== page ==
When the Cleveland Indians dealt left-handed reliever Marc Rzepczynski at the trade deadline last season, it was a bit of a curious move. “Scrabble” had been the team’s lone southpaw for the majority of the season and while the season was in dire straits, it also was not over at the time. It forced the promotion of Kyle Crockett from Columbus after a tough start to his 2015, and later led to Giovanni Soto getting a chance to make his Major League debut.
With a huge question mark in the bullpen for 2016, the Indians actively addressed that, but not with a big ticket, multi-year, multi-million dollar free agent pursuit of guys like Tony Sipp, Antonio Bastardo, or Oliver Perez. Instead, the club went the route of minor league additions with spring training invitations, bringing in veteran MLBers Joe Thatcher, Tom Gorzelanny, and Ross Detwiler to compete for the job.
So can Thatcher win one of potentially two spots in manager Terry Francona’s bullpen?
Francona is well known for his bullpen use, especially during his time in Cleveland, and having an additional lefty gives him more opportunities to match up late in games. While there is no guarantee two southpaw arms head to Cleveland at the start of the season, it would seem to be in the cards if possible for the club. The returning bullpen options from the right side are established and would be considered the strength of that part of the staff.
Thatcher, who turned 34 after the season, is the eldest of the five candidates heading to camp, but has less time spent at the big league level than Gorzelanny. That said, he has appeared in nearly 100 more games than his next highest camp competitor and, unlike both offseason signings, he has spent his entire career as a reliever. On top of that, he has put up LOOGY-type numbers, only once pitching more innings than games appeared in (2008 – 25 2/3 innings pitched in 25 outings with San Diego).
In terms of his production last season, Thatcher was with Houston for spring training in a similar situation as now – in camp on a minor league deal. He made the club and was pitching well to an extent – striking out more than ten batters per nine innings – while struggling with an elevated walk rate. In late July, he was designated for assignment and elected free agency, but wound up re-signing with the Astros just over a week later and reported to Triple-A Fresno.
When the rosters expanded, he returned to Houston and worked in seven games, giving up two hits and a walk in three and two-thirds innings. He did not see the field during the Astros’ playoff action.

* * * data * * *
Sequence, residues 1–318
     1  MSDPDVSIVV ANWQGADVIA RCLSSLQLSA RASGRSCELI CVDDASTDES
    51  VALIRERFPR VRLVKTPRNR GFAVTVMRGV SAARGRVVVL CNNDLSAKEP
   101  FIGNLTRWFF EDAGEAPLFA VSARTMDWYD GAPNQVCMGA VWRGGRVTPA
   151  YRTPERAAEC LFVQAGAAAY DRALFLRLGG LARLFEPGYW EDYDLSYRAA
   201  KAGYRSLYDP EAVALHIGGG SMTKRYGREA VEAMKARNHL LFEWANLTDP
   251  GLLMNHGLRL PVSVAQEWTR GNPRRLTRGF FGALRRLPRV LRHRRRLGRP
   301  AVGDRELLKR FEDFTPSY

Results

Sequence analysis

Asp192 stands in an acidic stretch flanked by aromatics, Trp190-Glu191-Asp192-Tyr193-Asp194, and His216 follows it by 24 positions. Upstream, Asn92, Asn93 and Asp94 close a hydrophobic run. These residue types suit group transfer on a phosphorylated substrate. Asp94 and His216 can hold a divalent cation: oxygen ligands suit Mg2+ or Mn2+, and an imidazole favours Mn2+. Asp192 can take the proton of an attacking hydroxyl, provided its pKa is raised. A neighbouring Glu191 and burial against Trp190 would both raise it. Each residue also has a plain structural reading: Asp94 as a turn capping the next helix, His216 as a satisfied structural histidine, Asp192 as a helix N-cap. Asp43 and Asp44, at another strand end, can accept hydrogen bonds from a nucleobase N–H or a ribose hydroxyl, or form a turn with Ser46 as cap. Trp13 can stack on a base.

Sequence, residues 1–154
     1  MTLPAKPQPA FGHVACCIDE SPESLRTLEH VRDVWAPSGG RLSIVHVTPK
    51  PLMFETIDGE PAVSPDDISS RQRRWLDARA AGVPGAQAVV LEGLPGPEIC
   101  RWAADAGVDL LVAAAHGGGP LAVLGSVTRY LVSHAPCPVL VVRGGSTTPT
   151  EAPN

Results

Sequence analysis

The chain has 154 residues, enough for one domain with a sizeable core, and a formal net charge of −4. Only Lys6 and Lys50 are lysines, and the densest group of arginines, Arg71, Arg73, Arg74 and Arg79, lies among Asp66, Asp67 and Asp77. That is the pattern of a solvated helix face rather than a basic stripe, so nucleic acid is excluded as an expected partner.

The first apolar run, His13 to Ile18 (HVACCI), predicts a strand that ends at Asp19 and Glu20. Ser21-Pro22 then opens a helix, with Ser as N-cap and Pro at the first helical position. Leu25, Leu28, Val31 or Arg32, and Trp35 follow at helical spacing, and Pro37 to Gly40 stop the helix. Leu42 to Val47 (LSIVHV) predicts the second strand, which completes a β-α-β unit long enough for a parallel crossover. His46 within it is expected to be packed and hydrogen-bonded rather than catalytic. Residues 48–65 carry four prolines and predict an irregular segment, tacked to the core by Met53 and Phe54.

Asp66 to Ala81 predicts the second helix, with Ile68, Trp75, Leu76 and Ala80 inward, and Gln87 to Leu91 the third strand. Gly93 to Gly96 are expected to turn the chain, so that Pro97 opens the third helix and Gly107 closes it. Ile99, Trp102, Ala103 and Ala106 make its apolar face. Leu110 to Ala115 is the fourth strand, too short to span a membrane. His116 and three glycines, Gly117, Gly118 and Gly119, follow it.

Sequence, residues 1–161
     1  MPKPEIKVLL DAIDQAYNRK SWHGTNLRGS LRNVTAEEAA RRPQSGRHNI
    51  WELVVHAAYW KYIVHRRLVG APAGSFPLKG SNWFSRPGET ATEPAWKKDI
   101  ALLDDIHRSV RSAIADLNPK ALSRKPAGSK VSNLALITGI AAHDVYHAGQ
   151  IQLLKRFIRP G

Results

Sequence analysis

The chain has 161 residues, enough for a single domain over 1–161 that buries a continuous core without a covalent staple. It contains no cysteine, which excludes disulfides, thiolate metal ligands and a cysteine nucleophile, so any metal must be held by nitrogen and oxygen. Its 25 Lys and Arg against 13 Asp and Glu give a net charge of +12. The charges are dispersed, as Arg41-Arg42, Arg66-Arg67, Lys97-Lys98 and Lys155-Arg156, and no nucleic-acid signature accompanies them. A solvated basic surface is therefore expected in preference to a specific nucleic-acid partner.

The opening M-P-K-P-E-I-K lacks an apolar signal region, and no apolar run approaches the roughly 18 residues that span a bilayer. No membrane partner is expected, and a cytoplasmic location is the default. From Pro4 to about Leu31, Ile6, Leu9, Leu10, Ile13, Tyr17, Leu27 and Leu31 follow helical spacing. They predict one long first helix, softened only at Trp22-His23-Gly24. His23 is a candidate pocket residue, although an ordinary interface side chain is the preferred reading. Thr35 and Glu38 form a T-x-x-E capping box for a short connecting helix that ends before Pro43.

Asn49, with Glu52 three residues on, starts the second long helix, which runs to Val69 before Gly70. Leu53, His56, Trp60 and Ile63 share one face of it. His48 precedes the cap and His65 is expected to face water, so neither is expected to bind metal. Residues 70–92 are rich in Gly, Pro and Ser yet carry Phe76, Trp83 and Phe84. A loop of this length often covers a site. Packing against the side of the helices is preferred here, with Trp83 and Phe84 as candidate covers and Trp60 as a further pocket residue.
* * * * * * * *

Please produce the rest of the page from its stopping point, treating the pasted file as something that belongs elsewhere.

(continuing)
He finished the year with a 1-3 record, 3.18 ERA, and 1.54 WHIP, striking out 26 and walking 12 in 22 2/3 innings. In just eleven of 52 outings did he pitch an inning or more in relief.
Thatcher walked a career-high number of lefties over the course of his year, leading to some of the elevation in his ERA and WHIP numbers. His previous high water walk total was in 2013 when he walked nine of 97 lefties, which was then followed by just one free pass to them in 83 plate appearances in 2014. He allowed ten in 64 plate appearances in 2015.
In each of the last three seasons, lefties have been more effective at getting on base against Thatcher. After four straight years limiting them to a batting average below .200 for the season, he gave up a .245 mark in 2015, following efforts of .289 in 2014 and .250 in 2013. Last season, right-handers hit nearly 50 points better than his previous career average against them.
He had seen more work during previous seasons, pitching in 53 games for Arizona and the Los Angeles Angels in 2014, 72 games for San Diego and Arizona the year before, and 55 for the Padres in 2012. His best season was in 2010, his fourth for the Padres, when he was 1-0 with a 1.29 ERA and 0.86 WHIP in 65 appearances.
Thatcher has stood tall in the face of adversity before, going through this similar trial last spring. His path to a job in the professional game has always been the less conventional approach, as he was undrafted after college and played in the Frontier League, where he was ultimately discovered and signed by the Milwaukee Brewers in 2005.
If he can pitch in the Cactus League the way that he did in the Grapefruit League for the Astros early last year, he may just put himself in a good position to find a roster spot in the Cleveland bullpen and get a chance to earn his $1 million incentive-laden contract with the Indians.
Photo: AP Photo/Pat Sullivan